Over the years, addiction takes over the life of the addict. Family and others close to the addict may also find their lives completely overwhelmed by the addiction. As we witness Seth and Sarah's life together and current interactions, we can see this is true for both of them. We also see that their daughter has been drawn into the drama of the addiction.
Loving both of her parents as they struggle with their addiction and co-addiction, Amber is seemingly the healthiest part of this triad. But she is walking a very fine line between being supportive of her father and tolerant of her mother while not significantly supporting her father's addiction or her mother's co-addiction.
This is all very tricky. Optimally, when an addict goes into treatment the whole family enters treatment. Most rehabilitation centers include family work and usually some very intense family interventions related to living with the addiction, their own co-addictions and what life might look like for each family member after treatment and, hopefully, ongoing recovery. Everyone in the orbit of the addict and his addiction has to recover from the years of accommodation, enabling, anger, hurt and loss.
The process of living in recovery for the addict and those close to him is an ongoing process. Those affected by the illness of the addiction are often doomed to continue in their unhealthy patterns long after the addict himself has recovered. In this episode, we see a pattern of enabling and co-addiction in Sarah that has continued to grow over the years related to her relationship with Seth. She has not been involved in her own recovery, and - while having developed some healthy behaviors - rapidly falls back into her pattern of co-addiction by trying to care for Seth, "doing it for him," and ostensibly "helping him to get better," when really she is just continuing to get her own desires met through her (sick) need to enable him. She doesn't see that she is not really helping him at all but is instead continuing to meet her need to be "addicted" to an "addict."
Their daughter is able to see this cycle starting to repeat, and she does what is healthy for her, her mother and her father. She sets clear boundaries that don't enable illness. At this point, it is important for her and especially her mother to begin their own process of recovery, or they are very likely doomed to repeat the same patterns of addiction and co-addiction again and again. Individual counseling, group therapy, family therapy and the various co-addict groups including Al-Anon are all ways for each of those affected by Seth's addiction to find healing, recovery and a path forward to a life free from the awful confines of the addiction.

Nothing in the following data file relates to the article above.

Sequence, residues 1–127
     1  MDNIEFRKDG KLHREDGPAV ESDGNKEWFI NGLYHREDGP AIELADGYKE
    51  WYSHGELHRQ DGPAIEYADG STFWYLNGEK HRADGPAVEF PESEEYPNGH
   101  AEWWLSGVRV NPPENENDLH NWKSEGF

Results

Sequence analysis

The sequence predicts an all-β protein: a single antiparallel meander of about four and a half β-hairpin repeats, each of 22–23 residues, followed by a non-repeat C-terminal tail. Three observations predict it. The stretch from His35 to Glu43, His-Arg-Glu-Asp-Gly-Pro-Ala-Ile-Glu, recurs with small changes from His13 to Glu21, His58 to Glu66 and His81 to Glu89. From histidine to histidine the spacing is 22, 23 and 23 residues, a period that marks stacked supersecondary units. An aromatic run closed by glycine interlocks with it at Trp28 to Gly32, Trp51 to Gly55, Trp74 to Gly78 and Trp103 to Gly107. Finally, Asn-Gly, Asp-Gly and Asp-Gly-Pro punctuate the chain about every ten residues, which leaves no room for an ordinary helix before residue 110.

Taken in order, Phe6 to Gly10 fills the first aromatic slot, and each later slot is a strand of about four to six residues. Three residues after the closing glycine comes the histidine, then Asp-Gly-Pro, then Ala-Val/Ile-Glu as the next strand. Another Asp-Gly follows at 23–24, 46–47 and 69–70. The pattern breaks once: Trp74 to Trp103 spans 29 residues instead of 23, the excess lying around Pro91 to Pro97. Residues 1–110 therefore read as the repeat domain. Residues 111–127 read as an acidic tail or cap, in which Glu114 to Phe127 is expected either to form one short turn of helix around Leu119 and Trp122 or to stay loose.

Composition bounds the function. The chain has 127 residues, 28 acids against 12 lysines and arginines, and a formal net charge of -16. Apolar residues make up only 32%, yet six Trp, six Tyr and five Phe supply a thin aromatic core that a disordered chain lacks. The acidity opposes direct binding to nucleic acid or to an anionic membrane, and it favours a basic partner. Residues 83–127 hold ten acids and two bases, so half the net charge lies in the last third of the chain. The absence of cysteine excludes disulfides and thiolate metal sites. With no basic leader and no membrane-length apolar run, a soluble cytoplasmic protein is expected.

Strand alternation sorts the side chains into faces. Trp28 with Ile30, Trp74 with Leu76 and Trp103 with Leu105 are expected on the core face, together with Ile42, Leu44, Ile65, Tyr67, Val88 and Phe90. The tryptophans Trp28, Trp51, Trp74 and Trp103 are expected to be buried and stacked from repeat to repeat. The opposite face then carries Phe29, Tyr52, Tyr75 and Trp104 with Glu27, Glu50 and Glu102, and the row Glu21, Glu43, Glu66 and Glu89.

While I am not equating addiction with autism, as a way of tying the above themes of addiction to our storyline about ASD, I wanted to point out that often families who live with ASD become imprisoned by autism in a similar way that the family of the addict is held prisoner by the addiction. Family members will often confuse enabling autistic symptoms with helping a person living with autism. By accommodating the rigidity, fixations or other inappropriate behaviors of autism, family members are keeping the person living with ASD as well as themselves prisoner to the maladaptive, nonfunctional symptoms of autism. The person with autism needs to learn as much as possible how to navigate and live in a world where the rigidity, fixations and other maladaptive behaviors are not helpful or appropriate. I often see this in families in which, despite growing older, the child with ASD is still allowed to sleep in the parental bed. Clearly this is not a long-term adaptive strategy for someone living with ASD - or the family.
As family members living with someone with ASD, we have to ask ourselves, "Am I accommodating this behavior only because it is too difficult to confront?" Sometimes, of course, we may be accommodating the behavior because accommodating is really the most appropriate and healthy action at this point. But - like living with a person with an addiction - every action needs to be moving the family and the person with ASD toward freedom from disorder. Freedom to act outside of the confines of the disorder - whether addiction or autism - is our hope.
Written by Roy Sanders, M.D.